Irrigation service supply: the infrastructure
As we have seen in Figure 1.1, the irrigation cycle's supply side consists of appropriating the five base water flows, their storage, and distribution to and from storage through to farmers' fields. Chapters 3 and 4 will address the economics of irrigation service supply - first, the making of the infrastructure and, second, the year-on-year delivery of water to farming families and agribusinesses. The Report of the World Commission on Dams (WCD) has made clear just how ancient are the infrastructural works of irrigation:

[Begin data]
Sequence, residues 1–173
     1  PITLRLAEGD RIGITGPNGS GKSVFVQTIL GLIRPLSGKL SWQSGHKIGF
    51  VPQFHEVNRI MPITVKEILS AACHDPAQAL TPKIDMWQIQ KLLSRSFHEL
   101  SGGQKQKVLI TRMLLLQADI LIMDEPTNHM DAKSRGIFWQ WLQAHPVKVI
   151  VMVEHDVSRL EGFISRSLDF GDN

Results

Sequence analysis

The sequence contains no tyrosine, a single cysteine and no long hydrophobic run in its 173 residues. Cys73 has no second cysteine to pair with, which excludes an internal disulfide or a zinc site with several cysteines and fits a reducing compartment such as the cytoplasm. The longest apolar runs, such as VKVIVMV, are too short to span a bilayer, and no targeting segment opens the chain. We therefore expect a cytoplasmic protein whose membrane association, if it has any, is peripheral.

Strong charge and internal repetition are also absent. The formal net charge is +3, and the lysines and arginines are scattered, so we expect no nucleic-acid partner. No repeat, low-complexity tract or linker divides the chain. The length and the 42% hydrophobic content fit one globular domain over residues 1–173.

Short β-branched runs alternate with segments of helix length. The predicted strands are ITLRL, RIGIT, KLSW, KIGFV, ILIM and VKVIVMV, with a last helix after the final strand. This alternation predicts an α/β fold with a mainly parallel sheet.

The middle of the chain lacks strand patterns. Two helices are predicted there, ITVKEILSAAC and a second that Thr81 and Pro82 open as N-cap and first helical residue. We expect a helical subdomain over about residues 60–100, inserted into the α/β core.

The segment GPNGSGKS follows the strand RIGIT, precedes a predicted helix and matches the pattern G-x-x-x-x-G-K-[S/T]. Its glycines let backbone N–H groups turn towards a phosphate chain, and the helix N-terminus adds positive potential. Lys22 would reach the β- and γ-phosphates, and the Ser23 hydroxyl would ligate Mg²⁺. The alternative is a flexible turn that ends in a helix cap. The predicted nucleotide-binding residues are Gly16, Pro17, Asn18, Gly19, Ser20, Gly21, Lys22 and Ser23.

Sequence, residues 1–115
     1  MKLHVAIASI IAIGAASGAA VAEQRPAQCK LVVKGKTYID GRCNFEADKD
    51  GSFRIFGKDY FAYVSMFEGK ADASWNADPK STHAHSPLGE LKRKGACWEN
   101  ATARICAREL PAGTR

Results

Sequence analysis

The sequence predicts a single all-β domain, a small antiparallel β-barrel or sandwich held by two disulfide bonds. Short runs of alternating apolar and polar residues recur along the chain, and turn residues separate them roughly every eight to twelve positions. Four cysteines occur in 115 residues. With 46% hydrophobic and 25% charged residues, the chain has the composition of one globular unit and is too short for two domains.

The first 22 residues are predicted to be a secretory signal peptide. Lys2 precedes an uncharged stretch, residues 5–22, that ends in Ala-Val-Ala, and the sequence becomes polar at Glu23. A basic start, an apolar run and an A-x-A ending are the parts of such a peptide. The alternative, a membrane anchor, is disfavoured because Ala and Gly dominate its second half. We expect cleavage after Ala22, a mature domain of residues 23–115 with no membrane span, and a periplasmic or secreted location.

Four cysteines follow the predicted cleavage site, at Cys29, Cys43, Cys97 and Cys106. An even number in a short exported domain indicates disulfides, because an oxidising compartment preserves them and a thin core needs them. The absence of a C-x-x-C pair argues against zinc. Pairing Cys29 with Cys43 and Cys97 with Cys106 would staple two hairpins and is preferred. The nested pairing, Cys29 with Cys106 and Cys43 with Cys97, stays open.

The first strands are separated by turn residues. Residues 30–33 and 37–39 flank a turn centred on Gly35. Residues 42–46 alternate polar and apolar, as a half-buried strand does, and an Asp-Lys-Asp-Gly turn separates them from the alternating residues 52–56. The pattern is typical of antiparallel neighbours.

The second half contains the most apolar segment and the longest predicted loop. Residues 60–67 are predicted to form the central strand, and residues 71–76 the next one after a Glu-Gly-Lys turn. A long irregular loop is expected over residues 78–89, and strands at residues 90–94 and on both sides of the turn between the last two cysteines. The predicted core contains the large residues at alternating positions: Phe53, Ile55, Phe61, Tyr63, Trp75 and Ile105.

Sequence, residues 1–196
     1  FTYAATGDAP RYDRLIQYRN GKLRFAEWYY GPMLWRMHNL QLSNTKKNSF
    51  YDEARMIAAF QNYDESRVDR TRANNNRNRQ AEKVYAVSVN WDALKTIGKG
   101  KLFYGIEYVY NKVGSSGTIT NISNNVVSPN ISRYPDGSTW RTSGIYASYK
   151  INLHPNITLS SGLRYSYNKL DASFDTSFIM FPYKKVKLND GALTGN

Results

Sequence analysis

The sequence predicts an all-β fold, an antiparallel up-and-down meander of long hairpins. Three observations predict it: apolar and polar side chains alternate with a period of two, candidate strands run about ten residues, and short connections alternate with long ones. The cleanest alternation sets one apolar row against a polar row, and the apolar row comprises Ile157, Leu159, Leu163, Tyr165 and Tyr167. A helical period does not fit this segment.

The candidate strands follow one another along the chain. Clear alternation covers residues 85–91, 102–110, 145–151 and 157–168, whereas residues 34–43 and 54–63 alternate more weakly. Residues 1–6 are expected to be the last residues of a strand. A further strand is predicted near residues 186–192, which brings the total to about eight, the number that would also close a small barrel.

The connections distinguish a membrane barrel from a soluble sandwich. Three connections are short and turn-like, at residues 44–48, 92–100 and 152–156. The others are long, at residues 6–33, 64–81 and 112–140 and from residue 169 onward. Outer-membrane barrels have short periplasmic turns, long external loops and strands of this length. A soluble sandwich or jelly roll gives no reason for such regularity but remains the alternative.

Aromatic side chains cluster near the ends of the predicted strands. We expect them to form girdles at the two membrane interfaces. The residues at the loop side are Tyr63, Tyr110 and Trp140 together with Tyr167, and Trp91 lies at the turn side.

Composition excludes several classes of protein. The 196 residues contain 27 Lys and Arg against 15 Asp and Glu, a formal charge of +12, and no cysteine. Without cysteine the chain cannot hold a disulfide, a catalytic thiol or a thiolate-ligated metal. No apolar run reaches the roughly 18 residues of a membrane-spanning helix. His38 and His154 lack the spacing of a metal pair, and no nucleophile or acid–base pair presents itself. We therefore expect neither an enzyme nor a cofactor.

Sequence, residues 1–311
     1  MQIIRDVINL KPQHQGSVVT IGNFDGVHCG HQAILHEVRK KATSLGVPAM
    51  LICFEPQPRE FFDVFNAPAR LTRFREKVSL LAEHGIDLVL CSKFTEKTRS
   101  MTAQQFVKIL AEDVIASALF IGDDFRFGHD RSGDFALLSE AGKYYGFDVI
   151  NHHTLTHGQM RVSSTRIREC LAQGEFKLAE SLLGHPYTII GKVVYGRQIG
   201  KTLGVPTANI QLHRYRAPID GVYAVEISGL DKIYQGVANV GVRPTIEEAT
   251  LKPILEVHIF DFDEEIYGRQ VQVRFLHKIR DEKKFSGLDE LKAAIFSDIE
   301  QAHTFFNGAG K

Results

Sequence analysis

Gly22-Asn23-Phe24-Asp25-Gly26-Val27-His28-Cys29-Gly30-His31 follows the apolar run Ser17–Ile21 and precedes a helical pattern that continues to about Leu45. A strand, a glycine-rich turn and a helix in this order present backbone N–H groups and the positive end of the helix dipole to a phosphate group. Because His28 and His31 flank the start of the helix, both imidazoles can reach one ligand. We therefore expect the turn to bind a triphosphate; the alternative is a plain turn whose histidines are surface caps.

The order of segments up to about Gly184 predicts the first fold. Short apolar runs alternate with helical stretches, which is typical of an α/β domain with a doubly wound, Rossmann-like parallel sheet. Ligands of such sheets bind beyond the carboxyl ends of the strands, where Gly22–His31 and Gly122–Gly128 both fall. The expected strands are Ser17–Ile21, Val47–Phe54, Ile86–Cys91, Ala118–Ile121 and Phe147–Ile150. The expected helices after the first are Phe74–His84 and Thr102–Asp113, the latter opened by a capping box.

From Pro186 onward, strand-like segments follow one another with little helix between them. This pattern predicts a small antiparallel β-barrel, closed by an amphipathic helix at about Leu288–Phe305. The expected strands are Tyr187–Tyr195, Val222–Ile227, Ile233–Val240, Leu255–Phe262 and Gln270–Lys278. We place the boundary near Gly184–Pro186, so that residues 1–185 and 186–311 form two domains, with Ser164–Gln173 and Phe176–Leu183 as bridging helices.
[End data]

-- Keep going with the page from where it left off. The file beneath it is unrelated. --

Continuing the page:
The earliest evidence of river engineering is the ruins of irrigation canals over eight thousand years old in Mesopotamia. Remains of water storage dams found in Jordan, Egypt and other parts of the Middle East date back to at least 3000 B C . Historical records suggest that the use of dams for irrigation and water supply became more widespread about a thousand years later. At that time, dams were built in the Mediterranean region, China and Meso America. Remains of earth embankment dams built for diverting water to large community reservoirs can still be found in Sri Lanka and Israel. The Dujiang irrigation project, which supplied 800,000 hectares in China, is 2,200 years old.